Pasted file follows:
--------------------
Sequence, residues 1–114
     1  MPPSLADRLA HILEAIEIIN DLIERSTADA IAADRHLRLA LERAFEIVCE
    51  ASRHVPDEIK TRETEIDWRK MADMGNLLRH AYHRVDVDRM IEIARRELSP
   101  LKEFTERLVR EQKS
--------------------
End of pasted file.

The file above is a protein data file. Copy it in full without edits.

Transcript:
Sequence, residues 1–114
     1  MPPSLADRLA HILEAIEIIN DLIERSTADA IAADRHLRLA LERAFEIVCE
    51  ASRHVPDEIK TRETEIDWRK MADMGNLLRH AYHRVDVDRM IEIARRELSP
   101  LKEFTERLVR EQKS